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Public Prosecutor v N: facts

The legal judgment in the marital rape case of Public Prosecutor v N [1999] 4 SLR 619, which we have referred to several times in the FAQ, is dated 26 August, 1 October 1999. In August this year is the 10th anniversary of that first date – and the issues raised in the case remain as important as ever. Here is the summary of the facts in the legal judgment.

On 18 August 1998, while the respondent was away on overseas training, he paged for her. She responded to his paging and contacted him by telephone. In the course of the conversation, an argument ensued over the payment of his handphone bill. When the wife suggested that they get a divorce, the respondent was very upset and angry. He threatened to kill her if she dared to leave him. The wife was very frightened and she believed that he would carry out his threat upon his return from his training in less than three weeks’ time. This was because he spoke in a very fierce manner and he had on previous occasions behaved violently towards her.

Upon the respondent’s return to Singapore on 4 September 1998, he asked the wife to meet him, promising that they would have a peaceful talk. During a discussion at the void deck at Blk 410 Serangoon Central later in the evening, the respondent and the wife quarrelled again. He dragged her into his car and drove her back to their house at Rivervale Road. Upon arrival, he ordered her to go to their apartment bedroom. To avoid a scene, she did as she was told. He followed her into the bedroom and locked the door after them.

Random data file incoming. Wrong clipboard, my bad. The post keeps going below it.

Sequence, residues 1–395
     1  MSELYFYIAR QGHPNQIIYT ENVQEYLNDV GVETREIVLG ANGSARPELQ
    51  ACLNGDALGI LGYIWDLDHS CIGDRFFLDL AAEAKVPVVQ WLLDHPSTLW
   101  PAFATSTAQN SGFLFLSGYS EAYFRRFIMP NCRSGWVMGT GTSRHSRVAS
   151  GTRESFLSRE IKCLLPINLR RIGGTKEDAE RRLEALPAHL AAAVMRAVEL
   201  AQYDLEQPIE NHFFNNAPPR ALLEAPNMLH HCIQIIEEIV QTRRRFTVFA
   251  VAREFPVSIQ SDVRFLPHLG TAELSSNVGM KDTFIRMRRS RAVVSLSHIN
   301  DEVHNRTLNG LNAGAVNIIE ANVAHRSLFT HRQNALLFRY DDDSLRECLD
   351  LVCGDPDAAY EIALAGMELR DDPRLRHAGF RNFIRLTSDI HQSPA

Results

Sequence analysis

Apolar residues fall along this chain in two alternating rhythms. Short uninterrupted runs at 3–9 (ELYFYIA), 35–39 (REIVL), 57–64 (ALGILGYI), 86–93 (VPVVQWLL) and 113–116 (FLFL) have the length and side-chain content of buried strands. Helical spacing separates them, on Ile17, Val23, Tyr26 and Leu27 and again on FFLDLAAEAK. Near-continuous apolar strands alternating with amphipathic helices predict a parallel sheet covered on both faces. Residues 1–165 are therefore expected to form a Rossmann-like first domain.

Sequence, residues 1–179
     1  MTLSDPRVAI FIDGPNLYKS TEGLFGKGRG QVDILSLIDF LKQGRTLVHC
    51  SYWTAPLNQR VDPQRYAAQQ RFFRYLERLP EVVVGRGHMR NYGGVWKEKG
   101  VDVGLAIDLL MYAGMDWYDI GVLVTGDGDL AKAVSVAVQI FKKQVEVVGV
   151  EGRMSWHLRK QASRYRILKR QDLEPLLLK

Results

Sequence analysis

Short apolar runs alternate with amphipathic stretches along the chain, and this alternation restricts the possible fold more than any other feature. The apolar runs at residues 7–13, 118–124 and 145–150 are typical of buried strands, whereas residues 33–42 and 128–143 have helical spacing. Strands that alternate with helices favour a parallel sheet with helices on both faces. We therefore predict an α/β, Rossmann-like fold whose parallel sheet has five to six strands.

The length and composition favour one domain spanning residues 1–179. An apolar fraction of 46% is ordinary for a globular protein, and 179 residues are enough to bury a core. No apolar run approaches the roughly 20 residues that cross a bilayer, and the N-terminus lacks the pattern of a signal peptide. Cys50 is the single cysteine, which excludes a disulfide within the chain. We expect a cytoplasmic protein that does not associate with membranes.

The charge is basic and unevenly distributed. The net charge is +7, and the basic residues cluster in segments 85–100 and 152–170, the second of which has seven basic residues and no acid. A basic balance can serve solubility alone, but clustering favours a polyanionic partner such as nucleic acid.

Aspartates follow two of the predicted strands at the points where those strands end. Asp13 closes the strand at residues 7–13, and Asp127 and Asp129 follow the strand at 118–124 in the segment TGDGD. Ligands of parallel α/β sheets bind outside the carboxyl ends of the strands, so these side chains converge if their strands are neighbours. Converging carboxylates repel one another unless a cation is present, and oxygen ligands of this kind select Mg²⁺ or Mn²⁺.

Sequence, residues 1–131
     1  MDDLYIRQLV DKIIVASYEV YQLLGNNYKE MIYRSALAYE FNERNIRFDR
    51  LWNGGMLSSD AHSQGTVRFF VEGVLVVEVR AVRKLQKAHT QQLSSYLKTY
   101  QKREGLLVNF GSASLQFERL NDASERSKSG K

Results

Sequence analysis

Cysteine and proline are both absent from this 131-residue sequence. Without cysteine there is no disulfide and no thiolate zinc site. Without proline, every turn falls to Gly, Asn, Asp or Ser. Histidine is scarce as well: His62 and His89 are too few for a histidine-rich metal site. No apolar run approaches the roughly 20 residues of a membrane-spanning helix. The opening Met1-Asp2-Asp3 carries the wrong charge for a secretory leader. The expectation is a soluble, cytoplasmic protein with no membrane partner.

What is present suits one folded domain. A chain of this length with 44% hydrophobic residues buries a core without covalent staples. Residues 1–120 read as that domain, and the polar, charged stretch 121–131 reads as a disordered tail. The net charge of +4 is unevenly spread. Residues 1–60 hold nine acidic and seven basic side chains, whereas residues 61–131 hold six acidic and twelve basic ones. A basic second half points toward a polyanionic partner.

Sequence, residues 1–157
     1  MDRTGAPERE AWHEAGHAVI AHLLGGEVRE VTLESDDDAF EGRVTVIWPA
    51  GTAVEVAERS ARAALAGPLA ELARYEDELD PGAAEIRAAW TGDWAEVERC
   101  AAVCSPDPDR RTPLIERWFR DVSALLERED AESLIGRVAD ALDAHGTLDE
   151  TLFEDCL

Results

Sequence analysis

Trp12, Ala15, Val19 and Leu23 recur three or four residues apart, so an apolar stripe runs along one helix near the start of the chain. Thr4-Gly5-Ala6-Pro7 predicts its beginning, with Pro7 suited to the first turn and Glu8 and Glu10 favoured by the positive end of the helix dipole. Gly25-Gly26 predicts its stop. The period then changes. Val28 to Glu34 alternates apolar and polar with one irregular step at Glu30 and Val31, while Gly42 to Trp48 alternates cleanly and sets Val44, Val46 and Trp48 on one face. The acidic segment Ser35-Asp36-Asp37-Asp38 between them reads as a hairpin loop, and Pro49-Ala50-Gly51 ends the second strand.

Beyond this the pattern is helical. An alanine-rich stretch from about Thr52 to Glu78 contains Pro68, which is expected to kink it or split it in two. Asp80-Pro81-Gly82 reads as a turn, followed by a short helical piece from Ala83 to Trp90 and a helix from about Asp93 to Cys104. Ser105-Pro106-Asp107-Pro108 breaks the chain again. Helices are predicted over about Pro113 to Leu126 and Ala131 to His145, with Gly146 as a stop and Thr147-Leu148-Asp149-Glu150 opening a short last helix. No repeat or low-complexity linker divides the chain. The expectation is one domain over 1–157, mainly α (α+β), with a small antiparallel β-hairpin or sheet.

The wife was seated on the bed when the respondent hugged her. When she struggled to free herself, he turned violent and forcibly stripped her of her clothes. He then used a bath towel to tie her hands together and used another piece of cloth to gag her. Thereafter, he proceeded to engage in sexual intercourse with her against her will.

After that, he helped her to put on her pair of shorts and panties before untying her. He then took out a blouse which he had bought for her and told her to put it on. She resisted. This was followed by another physical struggle by her which ended with his slapping her across her face. When the respondent had calmed down, the wife told him that she wanted to go back to her parents’ place. The respondent agreed and drove her back to Serangoon Central.

The man in this case was not charged or convicted of rape, but only of much lesser charges relating to the other aggressive behaviour, carrying far less severe penalties than those associated with rape.

This entry was posted on Tuesday, July 21st, 2009 at 3:52 pm and is filed under Uncategorized. You can follow any responses to this entry through the RSS 2.0 feed. You can leave a response, or trackback from your own site.

6 Responses to “Public Prosecutor v N: facts”

  1. [...] FAQ « Public Prosecutor v N: facts [...]

  2. [...] The No To Rape petition has nothing to do with situations where married adults have mutually consensual sex to show affection for each other, to conceive children, or for any other purpose. It is concerned only with how we respond in cases where a woman has not consented to sex, and her husband penetrates her against her wishes – cases like PP v N. [...]

  3. [...] it emerges that he was the prosecutor in the landmark marital rape case of PP v N. We previously posted the facts of this case, taken from the court [...]

  4. [...] is the 10th anniversary of the hearing of Public Prosecutor v N, the landmark case where a man gagged, tied up and forced sex upon his wife but could not be charged for rape – to the surprise, according to [...]

  5. Natasha Latiff says:

    THIS JUDGMENT WAS DELIVERED JUST ONLY 10 YEARS AGO. Appalling.Are we aware of how recent this all is?

  6. [...] today, then Chief Justice Yong Pung How handed down the appeal judgment in the case of PP v N. (Summary of facts by court.) A woman was gagged, tied up, and forced to have sex – but despite clearcut evidence of [...]

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